Basically every summer, all Holy Cross priests in the United States who have been ordained for five years or less gather for the Early Years Workshop. It is one of the most highly anticipated weeks of the year for our young Holy Cross priests, especially those who have been assigned to some of our more far-flung apostolates. These days of prayer, faith sharing, and fellowship at our Holy Cross Center in La Porte, IN, offer a wonderful opportunity for our young priests to reconnect with their peers in the community as well as to continue growing in their priestly ministry and identity. The only catch is that none of our young priests refer to the event as the "Early Years Workshop"; they all affectionately refer to it as "Baby Priest Camp."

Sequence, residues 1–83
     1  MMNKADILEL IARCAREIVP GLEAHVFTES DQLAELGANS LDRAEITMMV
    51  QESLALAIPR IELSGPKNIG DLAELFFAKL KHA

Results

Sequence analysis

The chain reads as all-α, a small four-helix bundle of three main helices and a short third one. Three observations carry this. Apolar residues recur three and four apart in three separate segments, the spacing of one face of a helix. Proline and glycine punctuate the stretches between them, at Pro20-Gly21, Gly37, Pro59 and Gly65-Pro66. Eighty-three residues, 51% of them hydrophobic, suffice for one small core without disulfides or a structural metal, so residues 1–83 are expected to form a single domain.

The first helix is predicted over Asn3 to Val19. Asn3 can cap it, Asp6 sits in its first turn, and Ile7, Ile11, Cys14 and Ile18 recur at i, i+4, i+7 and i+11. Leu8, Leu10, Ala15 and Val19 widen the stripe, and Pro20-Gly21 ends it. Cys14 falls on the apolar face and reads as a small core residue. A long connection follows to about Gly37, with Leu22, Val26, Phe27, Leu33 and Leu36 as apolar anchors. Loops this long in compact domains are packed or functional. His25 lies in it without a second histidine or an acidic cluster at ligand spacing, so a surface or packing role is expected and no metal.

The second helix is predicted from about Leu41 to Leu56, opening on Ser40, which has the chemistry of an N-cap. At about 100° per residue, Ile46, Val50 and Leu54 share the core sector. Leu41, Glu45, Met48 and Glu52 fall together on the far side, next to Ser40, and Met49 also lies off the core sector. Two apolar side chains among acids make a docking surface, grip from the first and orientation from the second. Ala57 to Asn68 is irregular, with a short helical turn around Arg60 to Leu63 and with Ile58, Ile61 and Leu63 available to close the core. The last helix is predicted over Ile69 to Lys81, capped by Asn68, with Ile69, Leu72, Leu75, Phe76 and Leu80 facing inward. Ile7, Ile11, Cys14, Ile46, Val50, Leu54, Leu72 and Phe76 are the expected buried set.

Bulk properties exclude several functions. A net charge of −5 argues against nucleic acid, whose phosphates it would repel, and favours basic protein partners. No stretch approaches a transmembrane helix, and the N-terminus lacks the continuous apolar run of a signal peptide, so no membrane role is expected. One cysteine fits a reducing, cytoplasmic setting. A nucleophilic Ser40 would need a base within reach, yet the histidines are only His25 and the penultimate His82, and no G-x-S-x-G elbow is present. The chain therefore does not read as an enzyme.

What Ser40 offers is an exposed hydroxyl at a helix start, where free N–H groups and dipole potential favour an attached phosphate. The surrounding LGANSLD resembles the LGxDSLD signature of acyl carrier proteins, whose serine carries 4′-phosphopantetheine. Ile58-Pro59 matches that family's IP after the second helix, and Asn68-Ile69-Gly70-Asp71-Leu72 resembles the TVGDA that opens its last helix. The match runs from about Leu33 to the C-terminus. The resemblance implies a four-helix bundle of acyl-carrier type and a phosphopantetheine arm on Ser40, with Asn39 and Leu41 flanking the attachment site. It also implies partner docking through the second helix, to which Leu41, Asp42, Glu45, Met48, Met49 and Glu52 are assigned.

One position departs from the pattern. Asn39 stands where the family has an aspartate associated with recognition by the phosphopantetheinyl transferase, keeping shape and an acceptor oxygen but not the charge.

And so, when we're new to something, that's when we most need renewal; when we're fresh, that's when we most need freshening up. We need that repetition to establish the grooves that we want to remain even when our minds become less flexible; we need that repetition to help us hold onto the ideas we want to retain even when our minds become more closed. And, thank God, when we are new to something, that's when we're most filled with zeal and energy, and so that's probably when we're most willing and able to participate in this necessary repetition. The strange paradox, I think, is that we often are most in need of and are most receptive to renewal precisely when we're still new. Think back to a time when you were first engaged in some new endeavor: playing a new sport, or taking up an instrument, or -- perhaps most fitting for Pentecost -- learning a new language. At the beginning, especially if you were young at the time, you probably were somehow both like a sponge and like a sieve; you picked it up quickly, and you forgot it just as quickly. The intrigue and novelty of a new activity can make our minds especially flexible and open. Now a flexible object can bend easily into a new shape, but that flexible object can snap back just as easily to its original shape. And an open container can easily receive new things, but that open container can just as easily lose those very same things.